The Benefits of Docetaxel Plus Cisplatin and 5-Fluorouracil Induction Therapy in Conversion to Curative Treatment for Locally Advanced Esophageal Squamous Cell Carcinoma
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Definitive chemoradiotherapy (CRT), used for treatment of patients with an initial diagnosis of unresectable locally advanced esophageal cancer, has led to unsatisfactory long-term prognosis. Moreover, CRT can lead to esophageal fistula, perforation, and strictures. Therefore, strong induction chemotherapeutic treatments are necessary to reduce the tumor volume for subsequent radical esophagectomy. This study aimed to determine the oncological utility of docetaxel plus cisplatin and 5-fluorouracil (DCF) and the technical feasibility of subsequent esophagectomy for locally advanced esophageal cancer.
Eighty-seven patients with clinical borderline unresectable T3 and T4 esophageal squamous cell carcinoma without distant metastases were included in this study. There were 44 patients in primary DCF group and 43 patients in definitive CRT group, and perioperative and long-term oncological outcomes were compared between the two groups.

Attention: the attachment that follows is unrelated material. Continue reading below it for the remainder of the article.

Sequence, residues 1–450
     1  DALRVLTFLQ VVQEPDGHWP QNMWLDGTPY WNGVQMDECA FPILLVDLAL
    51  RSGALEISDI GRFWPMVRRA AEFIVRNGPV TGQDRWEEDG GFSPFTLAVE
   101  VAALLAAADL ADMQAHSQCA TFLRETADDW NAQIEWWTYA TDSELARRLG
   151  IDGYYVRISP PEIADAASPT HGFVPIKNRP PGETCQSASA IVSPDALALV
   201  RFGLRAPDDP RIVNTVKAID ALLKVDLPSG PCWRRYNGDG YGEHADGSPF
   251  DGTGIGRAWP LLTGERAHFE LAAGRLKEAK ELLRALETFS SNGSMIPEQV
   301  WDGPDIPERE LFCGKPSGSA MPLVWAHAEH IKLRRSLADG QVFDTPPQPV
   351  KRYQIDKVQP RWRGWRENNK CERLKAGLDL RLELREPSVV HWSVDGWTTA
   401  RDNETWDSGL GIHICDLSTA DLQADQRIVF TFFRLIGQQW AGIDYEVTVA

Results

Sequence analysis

Twenty-two patients (50%) achieved R0 resection in the DCF group. Albeit not significant, the rate of curative treatment was higher in the DCF group than the definitive CRT group (p = 0.099). The overall survival (OS) and progression-free survival (PFS) were better with DCF than with definitive CRT (median OS, 29 vs. 17 months, p = 0.206; median PFS, 10 vs. 6 months, p = 0.020). Specifically, the OS of patients with a Charlson score of less than 3 among the DCF-treated patients tended to be better than those among the definitive CRT-treated patients.
DCF and subsequent esophagectomy achieved R0 resection in 50% of the patients and was associated with better long-term oncological outcomes in patients with initially unresectable esophageal cancer if their systemic status is acceptable.
The authors thank Kumiko Motooka in the Department of Surgery at Keio University School of Medicine for her help in the preparation of the manuscript.
Compliance with ethical standards
Conflict of interest
Yuko Kitagawa have personal fees from sanofi K.K, personal fees from ETHICON PART OF JOHNSON AND JOHNSON FAMILY OF COMPANIES, personal fees from Medtronic Japan Co., Ltd., grants from KYOWA HAKKO KIRIN CO., LTD, outside the submitted work.
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